A Culture of Conspiracy: Apocalyptic Visions in Contemporary America
Reviewed by Katje Richstatter
Thursday, July 8 2004, 6:46 PM
First off, let's clarify what Michael Barkun is talking about here. Despite the sweeping title, this analysis is concerned with what the author calls 'Improvisational Millenialism,' a subset of conspiracy theories that are not based on religious or secular canons, but are instead 'bricolages' culled together from disparate, unrelated, and sometimes contradictory elements into superconspiracies.
A Culture of Conspiracy builds logically, beginning with the nature of such beliefs, the common source material from which they are constructed, and the threads which connect them, including preoccupations with the Illuminati, Freemasons, Jews, Catholics, black helicopters, and UFOs. This ilk of millennarian is obsessed with an endgame in which the aforementioned 'evil forces' (in various, secret permutations) battle with 'good forces' (presumably the believers) to produce an alternate future. This future is, at worst, a 'New World Order' in which Americans lose their way of life and are enslaved by evil forces.
By focusing on individual millennial theories and theorists and the way their beliefs are formed and transmitted, Barkun sidesteps the sensationalism usually associated with popular studies of apocalyptic movements. Instead of reading like a tantalizing who's who of militias, cults, and other marginalized organizations, this is a straightforward political study with a potentially very broad readership. Given the ways in which Americans have been encouraged to fear the threat of terrorism over the past three years, Barkun's book couldn't be more helpful in diagnosing what a tremendously strong cultural chord the ideology of terrorism strikes in Americans.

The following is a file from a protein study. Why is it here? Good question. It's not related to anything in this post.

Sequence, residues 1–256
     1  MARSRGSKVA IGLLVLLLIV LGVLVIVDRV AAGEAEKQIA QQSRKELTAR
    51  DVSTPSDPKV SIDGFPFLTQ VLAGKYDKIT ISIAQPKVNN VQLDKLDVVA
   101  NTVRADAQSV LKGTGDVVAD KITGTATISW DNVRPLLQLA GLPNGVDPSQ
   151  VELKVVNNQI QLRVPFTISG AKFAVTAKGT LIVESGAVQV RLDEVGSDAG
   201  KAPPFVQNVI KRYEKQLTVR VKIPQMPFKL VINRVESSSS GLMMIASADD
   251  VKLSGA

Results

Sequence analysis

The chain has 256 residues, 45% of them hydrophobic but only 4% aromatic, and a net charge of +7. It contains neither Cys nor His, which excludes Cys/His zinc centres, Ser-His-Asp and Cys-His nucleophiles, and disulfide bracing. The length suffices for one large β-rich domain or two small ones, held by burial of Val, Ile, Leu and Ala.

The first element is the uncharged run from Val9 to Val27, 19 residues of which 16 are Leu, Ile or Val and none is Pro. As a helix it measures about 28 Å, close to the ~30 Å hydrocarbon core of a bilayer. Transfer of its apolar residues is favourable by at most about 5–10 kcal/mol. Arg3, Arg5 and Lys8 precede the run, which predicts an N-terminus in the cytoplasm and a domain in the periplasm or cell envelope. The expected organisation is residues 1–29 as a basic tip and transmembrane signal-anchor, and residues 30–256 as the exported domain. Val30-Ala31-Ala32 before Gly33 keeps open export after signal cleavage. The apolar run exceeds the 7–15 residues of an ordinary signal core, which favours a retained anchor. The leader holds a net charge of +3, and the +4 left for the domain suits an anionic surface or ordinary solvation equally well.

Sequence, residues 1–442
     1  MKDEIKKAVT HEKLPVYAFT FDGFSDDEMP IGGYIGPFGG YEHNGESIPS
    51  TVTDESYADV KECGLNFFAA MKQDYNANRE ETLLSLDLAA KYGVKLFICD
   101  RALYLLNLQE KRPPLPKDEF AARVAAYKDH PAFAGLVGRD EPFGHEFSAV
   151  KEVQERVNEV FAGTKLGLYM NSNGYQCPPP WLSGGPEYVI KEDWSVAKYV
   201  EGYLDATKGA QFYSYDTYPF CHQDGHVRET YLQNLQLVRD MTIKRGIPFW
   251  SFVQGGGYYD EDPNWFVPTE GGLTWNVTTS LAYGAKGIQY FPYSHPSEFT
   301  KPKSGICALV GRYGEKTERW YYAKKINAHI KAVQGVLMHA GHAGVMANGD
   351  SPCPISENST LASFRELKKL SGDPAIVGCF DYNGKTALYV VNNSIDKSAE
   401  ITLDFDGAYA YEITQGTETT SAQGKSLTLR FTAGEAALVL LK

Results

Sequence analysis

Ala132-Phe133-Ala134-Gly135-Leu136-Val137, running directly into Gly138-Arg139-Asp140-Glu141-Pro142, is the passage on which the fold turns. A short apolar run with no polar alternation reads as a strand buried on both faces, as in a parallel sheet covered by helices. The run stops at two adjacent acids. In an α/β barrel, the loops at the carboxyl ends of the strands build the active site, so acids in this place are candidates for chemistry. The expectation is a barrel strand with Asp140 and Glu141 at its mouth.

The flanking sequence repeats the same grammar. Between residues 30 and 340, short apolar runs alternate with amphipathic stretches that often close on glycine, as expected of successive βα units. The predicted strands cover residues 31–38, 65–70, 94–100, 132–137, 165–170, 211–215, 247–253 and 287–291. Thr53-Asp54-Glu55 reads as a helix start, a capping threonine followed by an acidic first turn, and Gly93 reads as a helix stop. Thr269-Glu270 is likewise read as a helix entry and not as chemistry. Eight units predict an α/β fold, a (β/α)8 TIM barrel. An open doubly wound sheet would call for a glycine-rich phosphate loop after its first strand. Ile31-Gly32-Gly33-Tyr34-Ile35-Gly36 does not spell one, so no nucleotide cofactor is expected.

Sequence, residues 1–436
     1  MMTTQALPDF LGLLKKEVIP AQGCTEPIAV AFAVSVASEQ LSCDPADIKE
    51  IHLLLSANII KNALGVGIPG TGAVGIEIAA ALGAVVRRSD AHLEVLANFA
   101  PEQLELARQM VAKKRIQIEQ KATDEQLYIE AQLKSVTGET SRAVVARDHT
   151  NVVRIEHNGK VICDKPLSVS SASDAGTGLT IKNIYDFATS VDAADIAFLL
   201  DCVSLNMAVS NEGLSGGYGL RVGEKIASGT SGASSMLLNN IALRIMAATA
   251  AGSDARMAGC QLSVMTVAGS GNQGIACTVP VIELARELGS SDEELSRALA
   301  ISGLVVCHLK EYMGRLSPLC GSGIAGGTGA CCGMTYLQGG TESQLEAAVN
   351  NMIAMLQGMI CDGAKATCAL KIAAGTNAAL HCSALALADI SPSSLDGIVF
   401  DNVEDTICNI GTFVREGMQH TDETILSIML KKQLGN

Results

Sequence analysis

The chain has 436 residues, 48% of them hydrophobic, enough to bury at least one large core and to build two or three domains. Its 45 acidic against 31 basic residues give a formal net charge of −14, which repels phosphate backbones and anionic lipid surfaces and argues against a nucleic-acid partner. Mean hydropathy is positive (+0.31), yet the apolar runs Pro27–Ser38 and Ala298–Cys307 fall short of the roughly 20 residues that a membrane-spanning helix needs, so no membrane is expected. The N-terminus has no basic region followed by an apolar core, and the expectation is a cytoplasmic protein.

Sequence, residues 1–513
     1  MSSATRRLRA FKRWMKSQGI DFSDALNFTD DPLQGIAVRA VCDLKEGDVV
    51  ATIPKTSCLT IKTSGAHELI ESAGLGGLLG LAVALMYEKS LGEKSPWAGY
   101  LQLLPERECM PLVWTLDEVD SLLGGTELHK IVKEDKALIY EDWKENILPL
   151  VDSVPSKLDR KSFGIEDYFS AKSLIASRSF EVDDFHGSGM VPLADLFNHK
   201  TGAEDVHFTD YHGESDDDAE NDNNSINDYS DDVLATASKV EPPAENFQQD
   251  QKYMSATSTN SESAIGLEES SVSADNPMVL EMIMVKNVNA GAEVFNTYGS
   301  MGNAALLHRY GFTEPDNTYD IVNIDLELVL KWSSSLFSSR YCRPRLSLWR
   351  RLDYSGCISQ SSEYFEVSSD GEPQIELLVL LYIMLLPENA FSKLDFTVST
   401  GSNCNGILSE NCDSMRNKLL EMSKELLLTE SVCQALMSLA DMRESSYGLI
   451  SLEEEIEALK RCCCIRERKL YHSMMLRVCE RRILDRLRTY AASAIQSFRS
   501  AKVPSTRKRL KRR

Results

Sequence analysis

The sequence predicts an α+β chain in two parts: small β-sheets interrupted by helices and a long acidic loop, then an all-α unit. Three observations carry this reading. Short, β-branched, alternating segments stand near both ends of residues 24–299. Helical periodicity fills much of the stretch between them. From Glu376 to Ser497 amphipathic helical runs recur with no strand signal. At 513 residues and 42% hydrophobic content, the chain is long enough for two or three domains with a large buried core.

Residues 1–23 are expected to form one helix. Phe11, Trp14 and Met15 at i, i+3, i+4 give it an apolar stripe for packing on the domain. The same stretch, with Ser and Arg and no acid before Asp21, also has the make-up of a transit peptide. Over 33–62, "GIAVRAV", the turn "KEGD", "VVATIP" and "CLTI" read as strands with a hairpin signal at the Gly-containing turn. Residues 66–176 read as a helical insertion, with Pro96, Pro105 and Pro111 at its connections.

Logically, one of A Culture of Conspiracy's most interesting chapters deals with the dissemination of apocalyptic explanations for September 11th, when masses of bewildered Americans searched the Internet for any shred of truth to make sense of the catastrophe. This chapter brings the book's usefulness into focus by giving a very concrete example of why anyone would be drawn to such claims. Obviously fear is a primary motivator for shifts in belief systems, and also in the compliance with societal changes that followed in the wake of the disaster, namely increased surveillance and decreased privacy. Conspiracy theorists are affirmed in their beliefs by such governmental reactions. But, as Barkun points out, any event re-affirms that their beliefs are always right.
A Culture of Conspiracy is shot through with plenty of entertaining, baffling, and sometimes frightening examples. But the conclusion of the book brings up many new revelations and is somewhat unsatisfying because of it. Within the last few pages, Barkun argues that conspiracy theories have not produced mass movements, also contending that the 'myth' of millenarians as outwardly violent is largely false. Does this admission make his examination any less valid? Is Barkun himself falling into the trap of trying to explain the inexplicable? And are these theories more than paranoid science fiction thought up by isolated individuals who now, online, can make their way into the mainstream? Barkun hopes that it doesn't happen, that this worldview will fade away in time.
Unfortunately, A Culture of Conspiracy ends its otherwise unflappable account of American apocalypticism with the sinister prophecy that 'new orthodoxies can emerge out of just such ideological undergrowth. One wonders whether by making such contradictory statements, Barkun just covering his bases. Difficult to tell, but not confusing enough to otherwise learn a great deal from a book about one of the most important cultural undercurrents informing contemporary American politics.
A Culture of Conspiracy is available from the University of California Press.